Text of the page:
Ecological validation and practical challenges of conducting dietary analysis in athletic individuals using a novel remote food photography method mobile phone application

Charlie Roberts, Nicholas Gill, Brett A. Baxter, Stacy Sims

Research output: Contribution to JournalArticlepeer-review

Abstract

Purpose: Dietary analysis is an important part of the sports nutrition practitioners’ role, however the ability to accurately collect and analyse dietary intake data is questionable. The remote food photography method (RFPM) has been proposed as a low-burden and potentially valid approach to collecting and interpreting dietary intake data. Preliminary research suggests this is valid in some athletic populations, however the ecological validation in real-life settings warrants further investigation.

Methods: Twenty athletic individuals completed simultaneous three-day RFPM diaries and weighed food diaries for the analysis of energy, protein, carbohydrate, and fat. Participants were required to provide details alongside provided photographs that did not include food weights to allow for the estimation of nutrient intake from minimally invasive photographs and descriptions.

Results: RFPM demonstrated non-significant random and systematic error against the weighed food diary for energy, protein, carbohydrate, and fat at -20.0 ± 455.5kcal, 3.2 ± 35.4g, -12.4 ± 49.3g and 2.3 ± 26.8g, respectively. Coefficient of variation suggest acceptable agreement between RFPM and weighed food diary for energy and poor agreement for protein, carbohydrate, and fat. Considerable variability is observed in the individual calculated values, with the least and greatest difference being 0% and -83.0%, respectively.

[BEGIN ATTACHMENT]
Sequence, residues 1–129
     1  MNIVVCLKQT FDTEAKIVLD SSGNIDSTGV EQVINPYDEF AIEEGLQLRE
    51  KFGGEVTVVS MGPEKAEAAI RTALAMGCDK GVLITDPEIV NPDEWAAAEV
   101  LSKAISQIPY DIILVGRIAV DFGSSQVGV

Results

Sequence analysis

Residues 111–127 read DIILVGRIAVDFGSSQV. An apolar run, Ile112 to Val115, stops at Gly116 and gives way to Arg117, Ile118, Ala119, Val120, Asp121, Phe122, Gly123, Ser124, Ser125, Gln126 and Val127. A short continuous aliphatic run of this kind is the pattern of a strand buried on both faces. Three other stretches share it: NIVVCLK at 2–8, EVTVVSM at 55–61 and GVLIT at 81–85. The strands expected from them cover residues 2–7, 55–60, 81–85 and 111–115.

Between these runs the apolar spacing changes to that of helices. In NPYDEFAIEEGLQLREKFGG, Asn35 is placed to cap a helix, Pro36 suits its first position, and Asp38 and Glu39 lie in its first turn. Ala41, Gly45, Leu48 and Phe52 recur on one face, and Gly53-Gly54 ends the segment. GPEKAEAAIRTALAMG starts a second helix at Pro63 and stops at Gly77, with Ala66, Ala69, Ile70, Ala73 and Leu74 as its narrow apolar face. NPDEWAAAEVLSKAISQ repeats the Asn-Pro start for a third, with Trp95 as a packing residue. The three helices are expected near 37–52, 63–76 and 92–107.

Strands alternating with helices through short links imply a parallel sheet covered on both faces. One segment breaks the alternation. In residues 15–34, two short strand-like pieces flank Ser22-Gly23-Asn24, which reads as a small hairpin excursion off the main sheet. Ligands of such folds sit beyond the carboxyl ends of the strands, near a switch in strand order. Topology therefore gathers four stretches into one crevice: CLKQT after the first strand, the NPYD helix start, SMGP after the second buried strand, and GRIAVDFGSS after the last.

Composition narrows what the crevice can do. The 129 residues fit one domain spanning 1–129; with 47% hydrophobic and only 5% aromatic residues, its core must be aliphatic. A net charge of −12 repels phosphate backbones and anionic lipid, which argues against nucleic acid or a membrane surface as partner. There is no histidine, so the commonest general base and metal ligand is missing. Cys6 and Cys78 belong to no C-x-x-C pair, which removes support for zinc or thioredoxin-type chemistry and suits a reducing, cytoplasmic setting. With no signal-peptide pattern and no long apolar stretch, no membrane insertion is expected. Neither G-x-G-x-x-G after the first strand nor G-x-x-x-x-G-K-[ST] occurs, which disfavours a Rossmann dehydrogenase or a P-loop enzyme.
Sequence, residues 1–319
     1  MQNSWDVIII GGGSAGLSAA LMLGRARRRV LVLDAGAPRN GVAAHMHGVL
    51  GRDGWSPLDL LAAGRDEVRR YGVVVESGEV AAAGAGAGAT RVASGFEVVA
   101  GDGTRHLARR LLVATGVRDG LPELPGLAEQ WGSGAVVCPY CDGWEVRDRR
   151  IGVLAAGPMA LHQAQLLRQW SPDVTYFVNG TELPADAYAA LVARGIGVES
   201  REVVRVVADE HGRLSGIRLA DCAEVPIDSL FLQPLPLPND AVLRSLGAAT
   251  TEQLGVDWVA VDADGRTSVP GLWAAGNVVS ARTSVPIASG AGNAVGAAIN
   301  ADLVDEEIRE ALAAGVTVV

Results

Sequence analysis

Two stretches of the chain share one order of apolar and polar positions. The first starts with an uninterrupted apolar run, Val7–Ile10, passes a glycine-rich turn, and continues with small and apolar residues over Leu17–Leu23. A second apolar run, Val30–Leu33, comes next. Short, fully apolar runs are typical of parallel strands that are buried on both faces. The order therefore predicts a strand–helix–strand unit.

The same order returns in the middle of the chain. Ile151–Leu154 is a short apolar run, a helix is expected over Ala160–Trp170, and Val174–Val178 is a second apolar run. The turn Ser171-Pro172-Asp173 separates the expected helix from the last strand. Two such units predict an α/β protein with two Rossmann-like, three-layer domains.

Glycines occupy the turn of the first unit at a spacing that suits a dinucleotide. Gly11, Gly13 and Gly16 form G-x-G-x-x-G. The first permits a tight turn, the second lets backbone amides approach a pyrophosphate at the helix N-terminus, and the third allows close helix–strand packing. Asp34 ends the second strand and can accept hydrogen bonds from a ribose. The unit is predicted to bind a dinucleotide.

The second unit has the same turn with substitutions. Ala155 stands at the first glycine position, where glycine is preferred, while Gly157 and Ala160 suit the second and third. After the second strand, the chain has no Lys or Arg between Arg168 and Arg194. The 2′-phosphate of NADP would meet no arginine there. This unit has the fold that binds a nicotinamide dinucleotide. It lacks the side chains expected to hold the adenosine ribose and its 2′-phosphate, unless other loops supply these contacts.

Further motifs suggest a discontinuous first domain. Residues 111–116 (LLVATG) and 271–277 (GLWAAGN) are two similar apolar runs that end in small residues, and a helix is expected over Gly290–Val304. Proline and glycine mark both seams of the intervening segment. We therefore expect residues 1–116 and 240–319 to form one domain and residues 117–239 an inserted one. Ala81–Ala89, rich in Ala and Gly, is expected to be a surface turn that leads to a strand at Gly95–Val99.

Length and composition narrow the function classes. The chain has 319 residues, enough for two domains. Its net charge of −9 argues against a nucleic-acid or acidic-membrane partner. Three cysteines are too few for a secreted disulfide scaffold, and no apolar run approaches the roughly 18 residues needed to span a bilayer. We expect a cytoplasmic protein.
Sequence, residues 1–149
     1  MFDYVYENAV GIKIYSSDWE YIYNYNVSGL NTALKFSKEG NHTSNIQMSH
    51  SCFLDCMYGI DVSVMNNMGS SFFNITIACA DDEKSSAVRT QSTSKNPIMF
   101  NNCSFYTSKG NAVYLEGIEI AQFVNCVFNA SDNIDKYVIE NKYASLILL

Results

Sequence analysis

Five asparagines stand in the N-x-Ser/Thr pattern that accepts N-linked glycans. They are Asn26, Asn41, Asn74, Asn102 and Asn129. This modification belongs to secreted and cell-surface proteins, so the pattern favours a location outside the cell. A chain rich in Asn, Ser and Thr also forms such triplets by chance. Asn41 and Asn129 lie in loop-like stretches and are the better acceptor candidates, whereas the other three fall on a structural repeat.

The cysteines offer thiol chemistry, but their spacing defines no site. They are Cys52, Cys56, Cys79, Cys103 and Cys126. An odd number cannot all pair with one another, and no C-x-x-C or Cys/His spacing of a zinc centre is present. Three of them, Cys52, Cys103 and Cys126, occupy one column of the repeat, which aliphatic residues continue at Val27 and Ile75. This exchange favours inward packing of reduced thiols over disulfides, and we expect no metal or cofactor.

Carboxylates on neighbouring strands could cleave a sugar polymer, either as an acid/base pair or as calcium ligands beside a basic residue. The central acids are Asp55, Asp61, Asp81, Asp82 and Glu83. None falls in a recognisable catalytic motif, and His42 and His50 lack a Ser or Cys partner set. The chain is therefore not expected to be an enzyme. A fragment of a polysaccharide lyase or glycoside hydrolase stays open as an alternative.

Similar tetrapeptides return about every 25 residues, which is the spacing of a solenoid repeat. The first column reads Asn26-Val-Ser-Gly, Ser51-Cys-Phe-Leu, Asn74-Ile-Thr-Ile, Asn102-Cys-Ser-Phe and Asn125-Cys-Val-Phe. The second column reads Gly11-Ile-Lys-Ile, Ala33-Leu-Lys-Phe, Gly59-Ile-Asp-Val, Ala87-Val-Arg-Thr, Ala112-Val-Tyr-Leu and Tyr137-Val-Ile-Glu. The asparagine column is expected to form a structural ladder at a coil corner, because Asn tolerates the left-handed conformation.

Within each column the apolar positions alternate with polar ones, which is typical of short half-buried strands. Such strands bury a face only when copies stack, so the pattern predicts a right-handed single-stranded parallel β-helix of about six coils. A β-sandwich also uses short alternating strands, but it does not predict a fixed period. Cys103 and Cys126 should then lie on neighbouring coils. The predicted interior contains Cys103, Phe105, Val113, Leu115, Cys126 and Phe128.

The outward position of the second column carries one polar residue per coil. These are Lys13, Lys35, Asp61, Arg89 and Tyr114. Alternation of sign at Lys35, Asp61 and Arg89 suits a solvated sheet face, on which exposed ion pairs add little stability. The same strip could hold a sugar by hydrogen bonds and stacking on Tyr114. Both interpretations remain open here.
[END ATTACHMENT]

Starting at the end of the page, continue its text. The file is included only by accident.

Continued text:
Conclusion: The results indicate that the RFPM may be an ecologically valid tool for the collection and analysis of dietary intake data on a group level; on an individual basis, data and subsequent recommendations based on this must be applied with caution.
Original languageEnglish
JournalJournal of Science in Sport and Exercise
Publication statusAccepted/In press - 18 Nov 2022

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